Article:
# Physics Experiment Question; Projectile Motion

1. Feb 15, 2005

### rumaithya

Hello, I have a question that says' Derive an equation for calculating the theoretical range.

I did like half of it, I got

t = sqrt[ (2y) / a ]

from the kinematic equation ( X = X0 + V0 t + 1/2 a t^2 ). How would I find the theoretical range after this????

And how to prove that the theory is consistent with the experiment?

2. Feb 15, 2005

### Staff: Mentor

Range of what? A projectile with a certain initial speed? Note that the range--the horizontal distance traveled--will depend on the angle that the projectile is launched.

You'll need to combine equations for both horizontal and vertical motion.

3. Feb 15, 2005

### Jameson

If you combine the two equations for projectile motion

$$y = y_0 + v_it + .5at^2$$
$$x = x_0 + v_it +.5at^2$$

into one equation, the highest range would be the vertex of the parabola, which is half of the total time I believe. I would suggest solving for t, then divinding that by 2 to get the time when the highest point is reached, which is what I'm assuming the "range" means.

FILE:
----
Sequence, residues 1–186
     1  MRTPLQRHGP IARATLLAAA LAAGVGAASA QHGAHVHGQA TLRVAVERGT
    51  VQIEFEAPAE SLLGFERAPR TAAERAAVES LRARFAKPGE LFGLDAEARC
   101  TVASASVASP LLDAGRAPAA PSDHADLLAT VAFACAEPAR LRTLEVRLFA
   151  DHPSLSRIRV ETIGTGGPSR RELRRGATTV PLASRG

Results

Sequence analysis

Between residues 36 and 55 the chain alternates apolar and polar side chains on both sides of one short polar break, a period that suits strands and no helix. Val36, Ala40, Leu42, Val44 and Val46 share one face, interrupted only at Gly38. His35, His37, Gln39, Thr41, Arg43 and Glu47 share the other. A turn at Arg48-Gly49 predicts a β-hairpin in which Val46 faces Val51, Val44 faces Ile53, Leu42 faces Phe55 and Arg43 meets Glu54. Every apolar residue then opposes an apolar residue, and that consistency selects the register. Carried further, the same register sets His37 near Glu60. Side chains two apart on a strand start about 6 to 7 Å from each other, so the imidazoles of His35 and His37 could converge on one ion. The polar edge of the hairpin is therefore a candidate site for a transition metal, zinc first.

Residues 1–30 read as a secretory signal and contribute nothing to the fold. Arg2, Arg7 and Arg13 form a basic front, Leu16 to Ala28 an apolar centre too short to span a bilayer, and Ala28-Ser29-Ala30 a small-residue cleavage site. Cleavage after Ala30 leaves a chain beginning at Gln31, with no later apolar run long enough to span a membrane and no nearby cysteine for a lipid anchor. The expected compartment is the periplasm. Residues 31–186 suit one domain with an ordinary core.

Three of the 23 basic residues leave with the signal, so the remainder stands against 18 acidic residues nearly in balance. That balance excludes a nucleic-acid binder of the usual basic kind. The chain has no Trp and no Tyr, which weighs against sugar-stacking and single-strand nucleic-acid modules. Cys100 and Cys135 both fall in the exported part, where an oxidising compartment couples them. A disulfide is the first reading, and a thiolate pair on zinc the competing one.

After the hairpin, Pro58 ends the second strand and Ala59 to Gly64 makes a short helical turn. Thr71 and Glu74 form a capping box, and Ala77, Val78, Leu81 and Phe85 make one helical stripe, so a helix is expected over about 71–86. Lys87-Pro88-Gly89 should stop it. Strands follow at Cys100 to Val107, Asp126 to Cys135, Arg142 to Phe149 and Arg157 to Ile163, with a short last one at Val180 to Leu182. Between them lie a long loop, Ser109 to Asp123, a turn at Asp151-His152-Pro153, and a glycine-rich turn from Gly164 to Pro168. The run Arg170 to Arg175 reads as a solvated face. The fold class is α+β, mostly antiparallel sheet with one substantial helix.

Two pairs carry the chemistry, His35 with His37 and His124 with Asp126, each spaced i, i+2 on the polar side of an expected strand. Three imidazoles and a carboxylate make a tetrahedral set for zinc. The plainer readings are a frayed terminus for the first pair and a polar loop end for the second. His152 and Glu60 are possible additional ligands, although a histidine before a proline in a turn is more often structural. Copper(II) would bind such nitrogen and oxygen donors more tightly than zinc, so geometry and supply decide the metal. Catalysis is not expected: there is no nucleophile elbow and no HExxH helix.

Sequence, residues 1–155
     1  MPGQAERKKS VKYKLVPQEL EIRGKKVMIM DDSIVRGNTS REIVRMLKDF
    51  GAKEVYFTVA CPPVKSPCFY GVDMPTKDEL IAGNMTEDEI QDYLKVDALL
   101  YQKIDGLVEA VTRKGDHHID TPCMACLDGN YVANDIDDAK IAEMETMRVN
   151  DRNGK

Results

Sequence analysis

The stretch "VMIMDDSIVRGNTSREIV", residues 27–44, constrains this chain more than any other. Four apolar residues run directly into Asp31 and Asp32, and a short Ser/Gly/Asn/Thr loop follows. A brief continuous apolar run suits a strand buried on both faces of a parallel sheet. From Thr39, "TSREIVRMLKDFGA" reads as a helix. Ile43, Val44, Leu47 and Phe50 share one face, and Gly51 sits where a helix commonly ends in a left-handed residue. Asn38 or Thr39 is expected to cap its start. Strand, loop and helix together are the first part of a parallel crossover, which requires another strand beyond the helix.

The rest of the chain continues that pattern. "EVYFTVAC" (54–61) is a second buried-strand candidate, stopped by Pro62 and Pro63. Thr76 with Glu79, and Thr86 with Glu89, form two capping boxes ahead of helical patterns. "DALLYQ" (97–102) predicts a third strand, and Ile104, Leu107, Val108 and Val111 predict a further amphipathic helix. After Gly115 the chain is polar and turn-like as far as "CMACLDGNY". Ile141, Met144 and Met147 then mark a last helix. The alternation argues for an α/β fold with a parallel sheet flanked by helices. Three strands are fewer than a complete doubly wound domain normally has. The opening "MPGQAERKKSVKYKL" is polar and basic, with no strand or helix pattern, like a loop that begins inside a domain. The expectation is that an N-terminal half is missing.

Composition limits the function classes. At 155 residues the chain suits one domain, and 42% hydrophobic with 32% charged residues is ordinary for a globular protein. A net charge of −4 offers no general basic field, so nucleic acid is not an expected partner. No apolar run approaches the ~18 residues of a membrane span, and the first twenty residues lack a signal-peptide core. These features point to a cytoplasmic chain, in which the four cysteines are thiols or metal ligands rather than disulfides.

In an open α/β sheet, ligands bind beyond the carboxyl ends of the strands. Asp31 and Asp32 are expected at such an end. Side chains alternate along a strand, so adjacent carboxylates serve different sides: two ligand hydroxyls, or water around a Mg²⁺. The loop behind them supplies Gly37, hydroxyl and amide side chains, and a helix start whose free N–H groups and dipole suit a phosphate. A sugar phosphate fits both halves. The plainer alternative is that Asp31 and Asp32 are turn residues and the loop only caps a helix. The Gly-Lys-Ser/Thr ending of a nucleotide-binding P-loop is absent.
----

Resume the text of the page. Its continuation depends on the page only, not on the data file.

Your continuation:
4. Feb 15, 2005

### Staff: Mentor

(1) Only the vertical component of the motion is accelerated.
(2) "Range" generally means horizontal distance traveled. (If you shot the projectile straight up, it would fall straight down. Range = 0.)

But, yes, the highest point attained is the vertex of a parabola.

5. Feb 15, 2005

### j_confused

You'd need to break your theoretical initial velocity and angle of projection down into the initial X and Y components.
(R being initial velocity magnitude, O being initial angle)

Vox R x cosO
Voy R x sinO

Then, you'll also have to break down your equations for motion into X and Y, I'm going to assume by range you mean distance which is X-motion...
(Xo being initial X position -usually 0-; Vox being the x-component's initial velocity)

X X(t) = Xo + Voxt + 0.5at^2

(Remember that the acceleration for the x-component is ZERO!)
Now, since you have a theoretical Vox, you can plug it into the above eq.

*edit* You'd also have to do the same for the Y component, and derive that equation. Then set that equal to zero, because that will tell you the two time the projectile will cross the X-axis. Pick the positive time and substitute it into your position-time function for X.

I believe that the above is right as for range, now as for the experimental proving bit, that I can't help with.

Last edited: Feb 15, 2005